- Texas state law does not mandate the teaching of sexuality education.
- All sex ed curricula must emphasize abstinence.
- If a school chooses to teach sex ed and uses a curriculum developed by the Texas Department of State Health Services (DSHS), it must state that homosexuality is not an acceptable lifestyle to the general public and that it is a criminal offense under the Texas Penal Code. This despite a 2003 Supreme Court decision in Lawrence v. Texas, which declared that state laws criminalizing homosexual behavior to be unconstitutional.
- Sex ed curricula are not required to include instruction on consent.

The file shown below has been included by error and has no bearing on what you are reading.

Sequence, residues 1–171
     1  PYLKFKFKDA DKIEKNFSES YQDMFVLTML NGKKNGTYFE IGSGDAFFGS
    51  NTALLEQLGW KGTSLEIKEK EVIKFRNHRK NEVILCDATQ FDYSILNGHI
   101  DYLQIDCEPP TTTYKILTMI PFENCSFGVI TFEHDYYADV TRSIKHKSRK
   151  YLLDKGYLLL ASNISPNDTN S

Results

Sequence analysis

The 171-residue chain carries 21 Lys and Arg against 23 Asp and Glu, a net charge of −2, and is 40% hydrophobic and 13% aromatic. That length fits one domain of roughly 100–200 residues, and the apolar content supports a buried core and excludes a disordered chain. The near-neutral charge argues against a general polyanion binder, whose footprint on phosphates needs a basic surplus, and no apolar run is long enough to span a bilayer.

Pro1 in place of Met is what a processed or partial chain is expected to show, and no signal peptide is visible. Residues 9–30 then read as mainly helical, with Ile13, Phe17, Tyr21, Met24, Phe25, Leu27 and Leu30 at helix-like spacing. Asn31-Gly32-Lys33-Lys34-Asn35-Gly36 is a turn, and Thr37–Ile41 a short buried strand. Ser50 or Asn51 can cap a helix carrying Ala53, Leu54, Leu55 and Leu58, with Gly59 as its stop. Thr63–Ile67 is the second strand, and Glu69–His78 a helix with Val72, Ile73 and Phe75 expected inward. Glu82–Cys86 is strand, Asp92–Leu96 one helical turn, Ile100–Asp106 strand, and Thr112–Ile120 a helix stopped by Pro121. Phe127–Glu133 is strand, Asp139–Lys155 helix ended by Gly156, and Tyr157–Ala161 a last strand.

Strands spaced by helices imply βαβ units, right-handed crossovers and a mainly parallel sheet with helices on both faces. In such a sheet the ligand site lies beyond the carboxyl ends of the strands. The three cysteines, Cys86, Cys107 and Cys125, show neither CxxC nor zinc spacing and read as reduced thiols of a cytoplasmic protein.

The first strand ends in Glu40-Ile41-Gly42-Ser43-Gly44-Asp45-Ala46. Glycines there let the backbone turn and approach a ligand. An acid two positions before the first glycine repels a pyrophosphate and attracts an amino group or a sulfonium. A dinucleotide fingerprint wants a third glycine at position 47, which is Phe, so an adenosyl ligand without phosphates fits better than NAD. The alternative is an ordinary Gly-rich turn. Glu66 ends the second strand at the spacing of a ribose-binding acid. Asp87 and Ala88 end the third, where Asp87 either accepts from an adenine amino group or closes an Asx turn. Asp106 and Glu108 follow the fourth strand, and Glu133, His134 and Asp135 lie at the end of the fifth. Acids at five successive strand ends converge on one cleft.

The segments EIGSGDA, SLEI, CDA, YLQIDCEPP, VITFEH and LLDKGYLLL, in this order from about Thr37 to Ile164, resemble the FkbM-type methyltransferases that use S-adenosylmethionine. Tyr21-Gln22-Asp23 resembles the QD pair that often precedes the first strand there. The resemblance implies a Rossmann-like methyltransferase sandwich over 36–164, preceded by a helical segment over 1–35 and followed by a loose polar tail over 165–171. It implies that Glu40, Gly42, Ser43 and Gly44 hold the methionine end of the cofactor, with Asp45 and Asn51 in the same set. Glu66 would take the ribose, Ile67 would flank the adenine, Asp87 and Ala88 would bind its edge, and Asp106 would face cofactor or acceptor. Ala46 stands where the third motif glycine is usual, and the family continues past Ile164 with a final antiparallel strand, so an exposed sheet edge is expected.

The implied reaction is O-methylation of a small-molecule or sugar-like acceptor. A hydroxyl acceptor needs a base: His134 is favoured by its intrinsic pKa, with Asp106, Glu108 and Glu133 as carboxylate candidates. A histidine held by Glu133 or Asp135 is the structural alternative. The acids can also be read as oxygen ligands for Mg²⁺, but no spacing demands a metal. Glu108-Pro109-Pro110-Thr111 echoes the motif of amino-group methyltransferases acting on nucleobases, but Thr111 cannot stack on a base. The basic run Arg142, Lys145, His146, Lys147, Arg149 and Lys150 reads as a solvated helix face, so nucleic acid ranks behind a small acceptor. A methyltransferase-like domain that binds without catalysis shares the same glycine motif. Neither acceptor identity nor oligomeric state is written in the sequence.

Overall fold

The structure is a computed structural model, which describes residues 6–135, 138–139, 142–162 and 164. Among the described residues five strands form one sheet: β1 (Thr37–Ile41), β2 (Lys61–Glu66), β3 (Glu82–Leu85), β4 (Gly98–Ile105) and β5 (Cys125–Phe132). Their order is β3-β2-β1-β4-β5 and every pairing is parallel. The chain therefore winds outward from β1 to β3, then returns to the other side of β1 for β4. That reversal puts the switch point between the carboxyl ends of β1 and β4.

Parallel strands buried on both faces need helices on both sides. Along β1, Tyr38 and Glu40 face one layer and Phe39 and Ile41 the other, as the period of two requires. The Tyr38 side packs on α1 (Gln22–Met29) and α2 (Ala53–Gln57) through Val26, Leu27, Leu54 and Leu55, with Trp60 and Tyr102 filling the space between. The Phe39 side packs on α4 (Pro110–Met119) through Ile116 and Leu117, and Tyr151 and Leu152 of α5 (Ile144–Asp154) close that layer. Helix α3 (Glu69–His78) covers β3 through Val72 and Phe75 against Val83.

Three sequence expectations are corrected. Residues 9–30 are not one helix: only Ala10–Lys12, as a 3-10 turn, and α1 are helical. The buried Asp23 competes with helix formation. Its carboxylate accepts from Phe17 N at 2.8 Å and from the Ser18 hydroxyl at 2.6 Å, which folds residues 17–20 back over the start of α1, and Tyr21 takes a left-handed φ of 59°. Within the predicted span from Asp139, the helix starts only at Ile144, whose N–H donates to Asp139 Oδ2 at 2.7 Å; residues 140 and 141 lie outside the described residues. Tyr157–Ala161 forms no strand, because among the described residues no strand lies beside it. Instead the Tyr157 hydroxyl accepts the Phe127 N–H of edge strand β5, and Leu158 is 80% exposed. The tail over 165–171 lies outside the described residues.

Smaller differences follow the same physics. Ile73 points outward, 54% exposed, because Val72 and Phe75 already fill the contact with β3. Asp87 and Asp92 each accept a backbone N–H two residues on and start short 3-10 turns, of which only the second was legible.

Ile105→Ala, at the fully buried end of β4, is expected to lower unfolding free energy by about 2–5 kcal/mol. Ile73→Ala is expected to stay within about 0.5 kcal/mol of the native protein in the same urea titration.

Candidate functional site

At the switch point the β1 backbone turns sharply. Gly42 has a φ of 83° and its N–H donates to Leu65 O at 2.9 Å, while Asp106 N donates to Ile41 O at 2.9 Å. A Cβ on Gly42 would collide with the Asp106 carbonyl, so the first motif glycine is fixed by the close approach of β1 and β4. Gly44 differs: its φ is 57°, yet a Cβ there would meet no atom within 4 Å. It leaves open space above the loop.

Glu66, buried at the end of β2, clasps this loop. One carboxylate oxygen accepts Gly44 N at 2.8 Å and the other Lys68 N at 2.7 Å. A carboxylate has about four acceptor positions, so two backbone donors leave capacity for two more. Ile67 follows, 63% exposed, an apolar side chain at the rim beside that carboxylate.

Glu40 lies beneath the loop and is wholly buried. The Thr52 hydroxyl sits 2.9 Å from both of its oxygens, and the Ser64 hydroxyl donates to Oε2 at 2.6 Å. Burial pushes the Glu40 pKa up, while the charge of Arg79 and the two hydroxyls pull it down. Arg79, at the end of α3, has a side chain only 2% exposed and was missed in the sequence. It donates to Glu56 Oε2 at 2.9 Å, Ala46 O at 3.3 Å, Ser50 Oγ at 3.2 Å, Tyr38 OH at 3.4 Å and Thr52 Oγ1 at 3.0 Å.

- School districts may not distribute condoms and are allowed to “separate students according to sex for instructional purposes.”
- The Texas Essential Knowledge and Skills for Health Education includes standards for what health curricula should look like. These standards include teaching students to “analyze the effectiveness and ineffectiveness of barrier protection and other contraceptive methods,” to understand “the emotional trauma associated with adolescent sexual activity,” etc.
- Since enacting HB 1525 in June 2021, parents or guardians must opt their children in to any sex ed instruction. This is referred to as an “opt-in” policy.
Some Sex Ed Advocates Within the State
For more detailed information on how various districts in the state have been implementing these standards — and for recent legislation — you can read SIECUS’s Texas profile.